Encouraging the Young (and Female) Engineers of the Future
For over 10 years, Abaco’s Towcester, England facility has been part of the Northamptonshire Engineering Training Partnership (NETP) which provides BSc Engineering students with work placements for a year.
We’ve benefited from this with many good students coming through. In fact, we’ve employed four students on a full time basis after their placements.
Four years ago, through NETP, I met Neil Patterson. He was previously chief engineer for McLaren Automotive on the P1 road car, and had just accepted the post of principal of Silverstone UT, a new technical college for engineering students based at the heart of British motorsport. It’s designed as a center of excellence for young people wanting to enter the specialist fields of high performance engineering and business and technical events management.
He immediately had my attention. I could see how this venture was, in effect, a breeding ground for the engineering talent of the future—the people who will be essential to our future success. It’s always been a passion of mine to try to get the average working age down on our Towcester site—and, in fact, in engineering in general.
I recall how, a number of years ago, I created a report for the company that showed the average age of our workforce. Back in 2010, it was 47 years old, with only 11% in the age range of 17–30, and 89% between 31–65. That’s very typical of a lot of engineering companies throughout the UK.
It wasn’t hard to convince my colleagues at Abaco that we should be working with Silverstone UTC, of which we’re now a proud sponsor. We’re building a strong relationship with the center, and ultimately hope to see graduates from there go on and become the engineers of our future.
All of which is the story behind why I, along with one of our manufacturing engineers, Kate Pooley, was at the UTC last week. We were asked to sponsor an award at its annual presentation day—a big event for the UTC that means a lot to both the students and the staff.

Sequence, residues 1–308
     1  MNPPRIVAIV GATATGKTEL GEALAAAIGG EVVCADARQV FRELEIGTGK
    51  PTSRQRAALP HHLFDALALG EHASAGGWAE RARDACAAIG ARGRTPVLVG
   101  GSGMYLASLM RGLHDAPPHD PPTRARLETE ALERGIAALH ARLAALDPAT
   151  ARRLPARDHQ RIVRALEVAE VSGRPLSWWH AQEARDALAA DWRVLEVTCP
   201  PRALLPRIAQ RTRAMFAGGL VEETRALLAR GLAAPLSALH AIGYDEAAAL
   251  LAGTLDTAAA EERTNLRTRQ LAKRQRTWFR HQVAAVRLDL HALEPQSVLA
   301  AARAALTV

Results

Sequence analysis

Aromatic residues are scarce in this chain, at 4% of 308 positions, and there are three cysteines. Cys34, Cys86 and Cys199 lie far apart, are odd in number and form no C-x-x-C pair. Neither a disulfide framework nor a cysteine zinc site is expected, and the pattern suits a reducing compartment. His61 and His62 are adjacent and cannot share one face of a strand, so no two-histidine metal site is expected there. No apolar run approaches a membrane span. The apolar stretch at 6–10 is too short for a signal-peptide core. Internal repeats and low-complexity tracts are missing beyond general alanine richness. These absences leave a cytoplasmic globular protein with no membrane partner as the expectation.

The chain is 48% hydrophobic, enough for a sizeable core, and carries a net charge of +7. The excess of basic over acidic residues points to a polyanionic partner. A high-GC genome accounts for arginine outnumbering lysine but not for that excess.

There were numerous awards sponsored by some very high profile companies from the motorsport industry, including Mercedes AMG Petronas F1, Red Bull Racing, Renault Formula 1, McLaren Automotive and Manor Racing. GM company Vauxhall was a large contributor too, along with many other local companies.
Kate and I with Shanice Mott, the winner of the "Ambassador for Young Women in Engineering Award."
Kate and I were invited to present the award for the "Ambassador for Young Women in Engineering Award" to Shanice Mott. You can see the three of us (L–R: myself, Shanice, Kate) in the picture. According to Neil Patterson, Shanice was selected not only for being a great scholar, but also for the role she has played in developing and promoting the UTC.
I was delighted to be asked to give this award as it chimes nicely with our involvement with WISE (Women In Science And Engineering) which sets out to dispel the myth of engineering being somehow an "oily rag" male-dominated profession and to encourage girls and women to get into engineering. That initiative has seen a 15% increase in female students on the BSc degree courses at Northampton University.
At Abaco Towcester, we still have some way to go in getting our young and/or female engineer numbers to where we’d like them to be. But, with the likes of Shanice hopefully wanting to have a career in the industry, I’m confident things will change.
The presentation day at Silverstone UTC was a great event, and very inspirational to see so many talented students rewarded for their efforts throughout the year. We’re looking forward to being there next year.